In a Facing History and Ourselves classroom, teachers are often developing creative ways to engage students in learning history. In this blog post, Elise Bigley tells us how she created a digital game- and invites students to create their own digital game- to deepen student learning from primary testimonies and source documents. She introduces us to the Vancouver Holocaust Education Centre's incredible archive of the experiences of Jewish refugees who were deported from Great Britain as enemy aliens during WW2 and interned in prison camps in Canada. These stories allow us to uncover a lesser-known moment in Canadian history and raise important questions about stereotypes, racism and the choices we make towards those who arrive at our borders.
I have always been fascinated with how digital tools can enhance our interaction with, and understanding of, history. While I was a Master’s student in the Carleton University History Department I also completed a specialization in Digital Humanities. I focused my studies on the internment of Jewish refugees in Canada during the Second World War.
I had worked with the Vancouver Holocaust Education Centre on their Survivor Testimony Project and helped create the Enemy Aliens Research Guide. This often-unknown history of Canada has become an important part of my advocacy on the effects of racism and othering in spaces least expected.
Using Digital Games for Exploring History:
During my time as a Master’s student I explored the ways history and digital humanities interact and the impact it can have on learning. One of the results was a digital experience or game titled A Jewish Refugee’s Journey to Canada. I define the term game in the context of this blog as a digital or interactive experience designed to provide an opportunity for education. It is not defined in the traditional sense of the word referring to entertainment.
The game was created as a digital experience and tool to complement the Vancouver Holocaust Education Centre’s online exhibition “Enemy Aliens”: The Internment of Jewish Refugees in Canada, 1940-1943. Its purpose is for each student to contemplate the mindset of these young male Jewish refugees and the decisions they were forced to make during the Second World War. If you open the game, you will see on the first screen that you are asked to choose a character: Raul, Abraham, or Jacob. They each carry a different story. The questions that follow are based on the content of the online exhibition. Most of them can only be answered after reviewing and studying the exhibition. There are also points of reflection in the game, asking the students what emotional, intellectual, or ethical responses learning about the Jewish refugees evoked for them.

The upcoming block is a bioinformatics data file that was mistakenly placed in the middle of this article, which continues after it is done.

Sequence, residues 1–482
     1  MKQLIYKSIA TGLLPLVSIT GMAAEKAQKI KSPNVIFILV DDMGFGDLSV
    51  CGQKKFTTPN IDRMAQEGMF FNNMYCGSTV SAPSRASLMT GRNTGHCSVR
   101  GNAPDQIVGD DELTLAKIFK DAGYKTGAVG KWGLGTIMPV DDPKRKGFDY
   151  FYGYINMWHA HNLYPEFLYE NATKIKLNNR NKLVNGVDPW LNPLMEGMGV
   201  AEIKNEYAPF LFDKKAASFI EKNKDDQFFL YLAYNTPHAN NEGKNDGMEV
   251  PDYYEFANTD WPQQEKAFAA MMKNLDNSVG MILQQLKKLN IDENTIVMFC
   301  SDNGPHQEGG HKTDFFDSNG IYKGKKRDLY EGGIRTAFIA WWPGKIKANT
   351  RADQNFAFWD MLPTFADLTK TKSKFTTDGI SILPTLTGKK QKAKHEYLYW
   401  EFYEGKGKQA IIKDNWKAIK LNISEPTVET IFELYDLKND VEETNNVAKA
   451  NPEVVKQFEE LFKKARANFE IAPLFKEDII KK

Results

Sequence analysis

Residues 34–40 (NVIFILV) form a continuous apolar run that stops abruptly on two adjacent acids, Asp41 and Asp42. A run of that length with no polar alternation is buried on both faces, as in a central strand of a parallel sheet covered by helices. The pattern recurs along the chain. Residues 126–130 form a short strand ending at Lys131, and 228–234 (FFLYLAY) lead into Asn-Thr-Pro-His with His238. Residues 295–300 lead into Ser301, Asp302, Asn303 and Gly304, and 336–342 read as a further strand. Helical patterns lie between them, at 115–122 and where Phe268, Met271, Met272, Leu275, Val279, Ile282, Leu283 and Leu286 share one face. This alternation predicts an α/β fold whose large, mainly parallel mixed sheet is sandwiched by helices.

The game is currently limited to Jewish refugees’ experience from their time as refugees in England in 1940 until their arrival in Canada. It does not cover the entire online exhibition as the game is meant to serve as an example of what could be created. This game can be used in the classroom today, as is. It will only take about 5-10 minutes to go through. It is suitable for older students, who are currently undergoing Holocaust education in their curriculum. It can be done individually or in pairs, to allow for the students to discuss their answers to the reflection questions throughout the game. This exercise would touch on the core competencies of the new curriculum (Thinking, Communication, and Personal, Social, and Cultural Awareness and Responsibility) and links closely to many of the learning objectives in the Social Studies curriculum.
Sample image of student creating a game using Twine
Game Creation as a Tool for Engaging Students in Learning History:
As a further application, have the students go through the curriculum and online content. Then, I would suggest allowing the students to create their own Twine game based on the online exhibition and what they have learned. In the making of the interactive experience, the students will have to come up with questions based on the experience of the Jewish refugee. They will also have to communicate their findings and knowledge gained on a unique platform. This would be a good opportunity to have each student present the interactive experience they created and how the content spoke to them. This exercise will allow students to combine their knowledge gained from the curriculum and the use of digital tools, in hopes of them interacting with history on a different level.
How might students in your classroom relate to the stories of the Jewish refugees?
How does this add to our understanding of the way Canada considered its Universe of Obligation during the war? What questions does this helps us to raise in todays world?
How do you integrate technology and digital learning into your classroom?